Standing on the edge of eternity … looking over the abyss into his own death – Jesus … prays … for … us.

“Protect them, Father …”

Because they are about to go do something so wild, so radical, so … anti-social … that the world will hate them for it.

They are about to go out into the world … and love.

Amen.

Sermon preached on the 7th Sunday after Easter, 20 May 2012, Year B, at the Church of the Good Shepherd, Blue Grass, Va.



[1]David J. Lose, Marbury E. Anderson Biblical Preaching Chair, Luther Seminary, St. Paul, MN, “The Other Lord’s Prayer,” workingpreacher.com, http://www.workingpreacher.org/dear_wp.aspx?article_id=587

 

[2] Annie Dillard, Teaching a Stone to Talk: Expeditions and Encounters (New York: Harper & Row, 1982), pp. 40-41.

 

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John 15:9-17

Welcome to Brass Tacks Sunday. This is the day when Jesus makes clear – crystal clear – what he has done and what he expects of us.

And what has he done for us?

He chose us.

We did not choose Jesus.

Jesus chose us.

Jesus chose you. And you. And you, and you, and you, and yes, you …

And me.

All of us.

Brass Tacks: We have been chosen.

And why did Jesus choose us?

Because Jesus has a job for us, a mission for our lives.

To love one another as Jesus loved us.

Brass Tacks: We are chosen in order to love our neighbors. Not just as ourselves … because if we are honest, there are far too many days when we don’t love ourselves very much. We all know those times. For many of us, when we stop on the scale. When someone makes a snide comment about the clothes we’re wearing. Or the work we do. Or the car we drive. Or what we eat. Or don’t eat. Or drink. Or don’t drink. Some days, it takes so very little for us to stop loving ourselves.

Which is why Jesus doesn’t ask us to love our neighbors as ourselves. Jesus asks us – no, he commands us – to love one another as he loved us.

Nothing more.

Nothing less.

Just Brass Tacks.

We all know there are a lot of different interpretations of the Christian faith out there right now. The arguments over what it means to be a Christian are being fought in our own Church, and in this country, vociferously and all too often, viciously. We know this. We have heard it, we have witnessed it, and sometimes, we have participated in these arguments. Some people say, “Christianity means ‘A, B, C.’ Others say, “No, it means ‘whack, whack, whack.’” And still others say, “No, it means, ‘yadda, yadda, yadda.’”

All we do is argue, it seems, and for the life of me, I can’t figure out why.

Because Jesus is crystal clear:  I chose you so you can go love one another.

Brass Tacks.

• • •

I’m going to say something here, and then I’m going to have to correct myself right away.

For 17 years, I owned two cats.

Here’s the correction: For 17 years, the cats owned me. Anyone who has ever lived with cats know that to be the truth.

The older cat was named Boomerang. She was truly the Queen Witch of the household, and she never – ever – let you forget that.

The younger cat, who was 14 when I left to go overseas, was named Riki Tiki Tavi ( actually, Rrrrrrrikiii Tiki Tavi, because that’s how it is said in the book).

These two cats clearly ran the household, doing exactly what they wanted. And why not? They were cats, and they knew that they were born without original sin, whereas we, the mere humans, were born with original sin, and they never let me forget that.

The house where we lived had a foundation crawl space, which was inhabited, as near as I can figure out, by approximately 1 million crickets. Every night, the two cats would go down to the kitchen and crouch in a corner, staring intently at what they knew was a hole between the kitchen and the foundation. (I honestly never found the hole in all the years I live there.)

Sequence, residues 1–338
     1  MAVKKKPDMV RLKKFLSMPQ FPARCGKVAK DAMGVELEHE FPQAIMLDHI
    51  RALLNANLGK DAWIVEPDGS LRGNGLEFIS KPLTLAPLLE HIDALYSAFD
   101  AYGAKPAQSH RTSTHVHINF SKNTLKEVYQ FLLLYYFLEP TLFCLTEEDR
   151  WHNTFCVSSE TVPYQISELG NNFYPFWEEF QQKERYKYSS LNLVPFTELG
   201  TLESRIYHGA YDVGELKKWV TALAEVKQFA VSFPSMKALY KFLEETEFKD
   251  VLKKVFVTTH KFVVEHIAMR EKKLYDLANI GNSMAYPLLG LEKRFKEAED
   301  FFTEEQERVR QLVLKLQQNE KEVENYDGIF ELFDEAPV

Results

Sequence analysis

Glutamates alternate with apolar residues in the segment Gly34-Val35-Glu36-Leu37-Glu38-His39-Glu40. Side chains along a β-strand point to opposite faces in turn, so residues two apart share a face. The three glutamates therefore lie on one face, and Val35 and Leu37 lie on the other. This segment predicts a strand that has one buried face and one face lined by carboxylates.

The cats would hunker down, with their tails twitching, and their ears pointed forward, staring intently … waiting … waiting …

Meanwhile, I am convinced, down below, the crickets would gather, and one would cry out, “Who will go up into the light, and then come back to tell us what is up there?” And each night, the crickets would send up one – one – representative, and Boomer and Riki would catch it and play with it – because that’s what cats do – and eventually kill it, and the next morning, I would find body parts strewn around the house, usually placed exactly where I would step on them barefoot.

For years, I was under the impression that the cats were bringing me tribute. That’s what the animal experts told me, and I believed them – although why I did I don’t know, because remember, the cats thought they were superior to me, so why should they bring me tribute?

And then I read some new information. It turns out that the cats were not bringing me tribute. They were actually trying to teach me to hunt! That’s right, they were trying to teach me!

It’s called the Mama Lion Method of Ministry.

You’ve seen the Animal Planet shows, right? Well, if you watch that show, you’ll see, in great detail, how Mama Lions train their cubs to hunt.

When the cubs are small and still nursing, she’ll bring them pieces of the animals she kills, not so that they can eat, but so that they can play with the carcasses and, frankly, get the taste for blood.

When the cubs are a bit older, and on the verge of being weaned, she’ll take them to the hunt, place them in a hidden and safe spot, and make them stay still, so they can watch and learn. And let me tell you, if they so much as move, she whaps them upside the head to keep them in line.

After they’ve watched and learned, the Mama Lion helps them hunt. She’ll pick out the target animal – something small and weak, usually – and help the cubs take down the animal.

Once they’ve gotten used to hunting, and had some measure of success, the Mama Lion will go to the hunt with them, but now, she’s the one who settles in on the sidelines. She may direct her cubs in picking out an animal to kill, but she won’t do a thing beyond that to help them.